Tag Archives: rationalizations

This Year—Write it Down, Track it, Celebrate, Repeat.

Using the Walk Tracker app for the first time this morning, I discovered that it’s actually more than a full kilometer to the next farm down the road. (My car had registered .9 km several years ago when I measured.) And it’s .5 km to the first treeline and 1.51 km from my front porch around the corner to the third telephone pole past the sumac trees. ( and I must check out the great things sumac is good for!)

With all the news about the dangers of sitting down for hours at a time and here’s me, who has to spend hours at the computer or the piano or the art table, and knowing that walking or, exercise, improves blood flow to the brain (and don’t we all need more of THAT!) and knowing that, unless I actually wrote it down on paper and made myself ACCOUNTABLE, I wouldn’t do it….

(drumroll) One of my goals this year, 2013, is to walk 2000 km. Minimum. That’s a bit of a walk, really, when I think about it. That crosses a big chunk of this country. It’s almost the distance from Saskatoon to Barrie, or from Thunder Bay to Kelowna. (and I could walk from London, Ontario to Sackville, New Brunswick and still have a few hundred kilometers to spare!)

And how do I propose to do it? How does one eat an elephant (goes the old adage)? One bite at a time. It works about to a nearly 5.5 km a day.

  • Take a piece of graph paper that already has blocks of 25 squares marked out
  • Mark off every 25 km, working DOWN from 2000, not UP TO 2000 (reasons below)
  • Use different colours each day and colour in the little squares, one for each km you walk.
  • Put a marker or a sticker or something every 25 or 50 km
  • Create small rewards every 50 or 100… or less if you need to keep up the motivation.

I started a day or so before New Year’s and today I passed 75. I’m 3.9 km ahead of schedule. (At 100 km I’m going to splurge on a brand new pair of comfy walking socks!) I’ll post a photo of my chart later (once I find my currently, um, hidden little camera)

The actual goal isn’t important. But these things I know to work:

  • write a goal down and make it specific. Get it out of your head and onto paper.
  • I like START dates better than END dates. It makes the starting of the thing important. End dates make sure it actually ends.
  • track it. Use stickers, colours, paper and pencil.. make it visual. Get it out of your head and mark something down. Remember how much you liked it when your teacher put a sticker on your work?!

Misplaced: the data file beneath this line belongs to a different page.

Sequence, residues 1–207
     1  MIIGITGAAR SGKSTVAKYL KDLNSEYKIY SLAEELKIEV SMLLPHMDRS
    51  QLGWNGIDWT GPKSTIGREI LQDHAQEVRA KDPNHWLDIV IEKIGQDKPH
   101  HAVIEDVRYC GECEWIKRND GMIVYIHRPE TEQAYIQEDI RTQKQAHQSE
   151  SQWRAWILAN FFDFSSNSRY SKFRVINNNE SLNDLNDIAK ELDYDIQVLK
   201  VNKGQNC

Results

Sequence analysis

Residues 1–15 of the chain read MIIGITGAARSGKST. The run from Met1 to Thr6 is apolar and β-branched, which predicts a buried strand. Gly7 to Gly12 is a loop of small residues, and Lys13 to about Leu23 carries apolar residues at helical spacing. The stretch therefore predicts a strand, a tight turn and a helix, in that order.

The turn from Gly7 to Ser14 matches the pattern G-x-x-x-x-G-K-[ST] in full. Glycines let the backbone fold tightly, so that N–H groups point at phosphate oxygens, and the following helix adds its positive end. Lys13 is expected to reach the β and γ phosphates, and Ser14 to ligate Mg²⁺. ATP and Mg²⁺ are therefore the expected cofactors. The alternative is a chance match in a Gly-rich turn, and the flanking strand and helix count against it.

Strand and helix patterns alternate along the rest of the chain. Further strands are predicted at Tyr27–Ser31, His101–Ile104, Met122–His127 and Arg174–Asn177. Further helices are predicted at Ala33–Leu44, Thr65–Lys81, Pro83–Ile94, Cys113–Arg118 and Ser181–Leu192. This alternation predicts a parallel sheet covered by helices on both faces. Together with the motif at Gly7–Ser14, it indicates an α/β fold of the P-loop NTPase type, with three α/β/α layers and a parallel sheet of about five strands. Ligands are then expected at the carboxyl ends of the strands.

• make up a game and rules about it.
  • reward small wins.
  • be kind to yourself— there will be days!
  • be true to yourself— on ‘those’ days, do the thing anyway. Tell your complaining mind to shut up. Better to do something than nothing.

Some Thoughts:

I count DOWN… because the numbers get smaller. SO!! YAY! I only have 1923 km left rather than YAY! I’ve gone more than 75. Try it either way. Doesn’t matter to me, but isn’t counting down to something more celebratory than counting up?

Rationalizations will get at you. It’s gonna happen. But then, hey… there’s another goal or project or new habit to form! I did that for a month. No excuses. At all. I made some, but having that in mind made sure I picked things up off the floor, put things away, went to the gym even to do SOMETHING.

Here’s a fun game. I’ve done it with meditation practice and mantra meditation practice.

  • Decide on a new habit (it takes from 21-42 days, depending on who you talk to , to create a new habit. With things like mantras, it’s often a 40-day cycle. Just choose.)
  • Repeat every day
  • TRACK and count the repetitions
  • When you miss, start again at one, with the aim of repeating the new habit 40 times in a row.

Think about this. You start today with the aim of walking 1 km a day for 40 days. Everything’s great for about 10 days. You get your little stickers or coloured dots on your calendar and they start to add up. And then you miss a day.

Start again at one. Do this every time you miss a day.

Now, you will be saying, as you miss a day and are wont to start again,  “But, I can’t get to 40 days in a row! Why bother?”

Here’s the thing: you may get to the end of the year and never have hit 40 days in a row. That’s not the point.